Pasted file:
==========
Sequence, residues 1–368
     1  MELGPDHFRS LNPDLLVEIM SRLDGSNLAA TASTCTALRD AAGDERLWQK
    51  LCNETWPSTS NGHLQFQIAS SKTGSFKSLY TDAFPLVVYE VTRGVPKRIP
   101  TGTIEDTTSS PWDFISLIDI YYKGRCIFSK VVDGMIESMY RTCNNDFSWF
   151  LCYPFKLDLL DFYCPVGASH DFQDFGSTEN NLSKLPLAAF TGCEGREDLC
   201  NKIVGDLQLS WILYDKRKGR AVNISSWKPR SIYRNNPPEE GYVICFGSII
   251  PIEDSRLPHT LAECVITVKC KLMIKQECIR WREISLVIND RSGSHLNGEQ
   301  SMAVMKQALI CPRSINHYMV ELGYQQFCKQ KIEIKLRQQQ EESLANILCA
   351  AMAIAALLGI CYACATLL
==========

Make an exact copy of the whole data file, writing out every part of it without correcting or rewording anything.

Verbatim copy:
Sequence, residues 1–368
     1  MELGPDHFRS LNPDLLVEIM SRLDGSNLAA TASTCTALRD AAGDERLWQK
    51  LCNETWPSTS NGHLQFQIAS SKTGSFKSLY TDAFPLVVYE VTRGVPKRIP
   101  TGTIEDTTSS PWDFISLIDI YYKGRCIFSK VVDGMIESMY RTCNNDFSWF
   151  LCYPFKLDLL DFYCPVGASH DFQDFGSTEN NLSKLPLAAF TGCEGREDLC
   201  NKIVGDLQLS WILYDKRKGR AVNISSWKPR SIYRNNPPEE GYVICFGSII
   251  PIEDSRLPHT LAECVITVKC KLMIKQECIR WREISLVIND RSGSHLNGEQ
   301  SMAVMKQALI CPRSINHYMV ELGYQQFCKQ KIEIKLRQQQ EESLANILCA
   351  AMAIAALLGI CYACATLL